Making jam with my Grannies: Learning about collaboration, leading and following
This month, I am reflecting on work as part of the Blogher NaBloPoMo challenge. And I sure have a lot to say on the topic when it comes to my job at the University. But if I really think about it, one way I really learned how to work was by watching my Granny and my Grandmother work hard for the family through providing nourishment and healing.Often, this involved growing things and cooking things, but what comes to mind most is jam. Yes, you read that right, jam as in sour cherry jam, quince jam, gooseberry jam or raspberry jam. No jelly need apply.
As my writing centers around my Turkish-American life - for the Turks out there, Granny was my anane and my Grandma was my babane. And let me tell you, those women knew how to work. They made everything for breakfast, lunch, dinner a cold or a belly ache, by hand, usually from scratch, and often with items from their kitchen gardens. I barely remember them outside of the kitchen, truth be told. In the summer, the kitchen gardens were a major source of important bits and pieces.
My babane, for example regularly harvested of a snitchet of chervil, dill or chives from just outside the kitchen door to add flavor to a dish. My anane, on the other hand was more likely to look for raspberries, gooseberries or rhubarb in the back garden for jam – but also for the occasional berry fool or pie or pastry. But she also had an herbal garden on the south side of the house where she grew medicinal herbs That went into twisty concoctions that made my nose curl. I’ll leave those vile concoctions for another day’s description.
What was most memorable about watching my anane and babane work was the process of home canning in the summertime – and that’s where I learned all about leadership and collaboration. Let me tell you that is hard And dangerous work, canning vegetables and fruit over massive boiling pots in a house with no air conditioning in the height of July afternoon. My babane canned a lot of tomatoes… But I was rarely there to watch it. I learned more about watching her stretch them through the winter season into all sorts of meals, usually a nice spaghetti sauce.
In late June, my mother and my anane would always make raspberry jam, gooseberry jam and a mix of raspberry gooseberry jam. They made so many home canned wax sealed jams that we had them all year long, and you could really taste the sunshine in them. And I saw that all that hard work they did, sweat dripping down their brows furrowed with the bird’s feet of deep concentration about the viscosity of the bubbling sugary mixture, and whether it was “time” – that “time” thing meant that the magic of jam perfection had been achieved.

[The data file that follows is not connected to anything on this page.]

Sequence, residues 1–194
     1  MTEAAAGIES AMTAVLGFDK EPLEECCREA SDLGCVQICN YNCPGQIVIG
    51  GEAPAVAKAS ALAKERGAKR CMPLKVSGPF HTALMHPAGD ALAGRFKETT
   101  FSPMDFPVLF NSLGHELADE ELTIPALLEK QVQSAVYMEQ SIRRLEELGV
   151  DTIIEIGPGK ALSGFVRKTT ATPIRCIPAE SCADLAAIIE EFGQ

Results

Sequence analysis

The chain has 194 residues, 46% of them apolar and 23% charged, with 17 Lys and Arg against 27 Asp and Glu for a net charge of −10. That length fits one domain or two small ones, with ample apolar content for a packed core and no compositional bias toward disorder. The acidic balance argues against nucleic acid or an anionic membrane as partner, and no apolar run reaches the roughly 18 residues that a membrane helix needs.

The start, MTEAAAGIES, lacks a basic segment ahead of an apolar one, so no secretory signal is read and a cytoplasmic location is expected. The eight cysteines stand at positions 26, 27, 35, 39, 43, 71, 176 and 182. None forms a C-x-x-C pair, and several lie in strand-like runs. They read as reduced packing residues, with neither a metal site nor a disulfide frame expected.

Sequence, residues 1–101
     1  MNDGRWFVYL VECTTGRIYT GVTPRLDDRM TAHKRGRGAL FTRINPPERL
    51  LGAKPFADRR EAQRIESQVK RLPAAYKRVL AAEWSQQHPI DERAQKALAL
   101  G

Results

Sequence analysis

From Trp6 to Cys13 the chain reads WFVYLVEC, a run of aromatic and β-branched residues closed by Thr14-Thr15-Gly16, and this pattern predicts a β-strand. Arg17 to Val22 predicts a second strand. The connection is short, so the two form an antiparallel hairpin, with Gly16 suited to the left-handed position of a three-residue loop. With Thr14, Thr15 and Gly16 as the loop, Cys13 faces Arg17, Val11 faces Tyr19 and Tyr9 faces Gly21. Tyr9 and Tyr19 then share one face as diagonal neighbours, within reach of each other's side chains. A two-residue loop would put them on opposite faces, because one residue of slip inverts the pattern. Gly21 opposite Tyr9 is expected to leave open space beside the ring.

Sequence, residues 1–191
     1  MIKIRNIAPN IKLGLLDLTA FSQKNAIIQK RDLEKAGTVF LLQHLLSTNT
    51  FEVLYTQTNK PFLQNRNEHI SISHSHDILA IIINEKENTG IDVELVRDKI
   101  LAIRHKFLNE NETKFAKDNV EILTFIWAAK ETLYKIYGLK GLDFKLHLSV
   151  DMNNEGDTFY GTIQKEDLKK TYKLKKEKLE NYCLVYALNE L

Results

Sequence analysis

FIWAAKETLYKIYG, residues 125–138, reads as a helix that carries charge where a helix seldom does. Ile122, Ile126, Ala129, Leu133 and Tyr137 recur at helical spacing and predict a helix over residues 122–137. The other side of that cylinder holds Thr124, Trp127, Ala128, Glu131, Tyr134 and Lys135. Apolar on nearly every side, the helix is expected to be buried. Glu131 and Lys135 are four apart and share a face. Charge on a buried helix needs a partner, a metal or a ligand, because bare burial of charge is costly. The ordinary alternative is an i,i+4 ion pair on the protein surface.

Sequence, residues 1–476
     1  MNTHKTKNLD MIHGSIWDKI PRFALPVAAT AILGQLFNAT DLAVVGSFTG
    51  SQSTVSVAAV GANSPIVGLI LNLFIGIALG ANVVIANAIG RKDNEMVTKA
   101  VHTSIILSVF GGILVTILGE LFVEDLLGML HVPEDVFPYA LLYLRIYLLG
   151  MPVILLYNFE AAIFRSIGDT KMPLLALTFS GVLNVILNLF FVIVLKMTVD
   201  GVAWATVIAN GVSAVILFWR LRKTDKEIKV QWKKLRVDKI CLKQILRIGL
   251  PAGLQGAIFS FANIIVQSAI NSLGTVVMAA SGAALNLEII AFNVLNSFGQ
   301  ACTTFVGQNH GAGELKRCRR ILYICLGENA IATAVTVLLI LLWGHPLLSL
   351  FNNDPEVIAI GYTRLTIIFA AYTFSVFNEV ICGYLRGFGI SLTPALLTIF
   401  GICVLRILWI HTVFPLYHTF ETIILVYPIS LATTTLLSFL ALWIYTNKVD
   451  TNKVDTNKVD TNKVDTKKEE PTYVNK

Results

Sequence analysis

I still act the same in my own work, although it isn’t jam I produce. In many ways, it is the images of the raspberry and gooseberry jam making that allows me to relate to my kaynana or rather the stories about her, in which she would make great steaming vats of sour cherry jam, M.’s favorite, so that he could enjoy it for as long as it would last. It’s a romantic image for this American lady,the making of some exotic sounding jam that we don’t have here.
Yet, I know full well from watching my anane make gooseberry raspberry jam in the sticky swamp of a hot Cape Cod summer, that this was no feat for the weak hearted. It is all you can do to avoid hot splatters of red green jam that easily make sugar burns like odd egg-shaped freckles on your arm at a rate faster than sunburn In the noon day sun. Work has consequences, despite it’s necessity.
I watched my anane lead at some point when she was the expert, and I watched my Mother lead at other points as she was the heavy lifter. There was leading and following and collaborating in consideration of whether the jam was ready or not. It was a dance of leadership, collaboration and following all at different moments with different pirouettes.
When my babane died, at her memorial, I remember that she was the one who taught me that the work of preparing food is love. But teaching a young woman to cook for her family and modeling that for all to see is also a lesson in the work of childrearing & responsibility, jam or no jam.
So in answer to today’s Blogher NaBloPoMo daily prompt for writing on work, which was: Do you feel most comfortable being a leader, a follower, or a collaborator? I would have to say, it depends on what type of jam I’m making that day. So thank you to my anane and my babane for teaching me about the necessity for all three roles in my work life.
Liz Cameron Www.slowly-by-slowly.com
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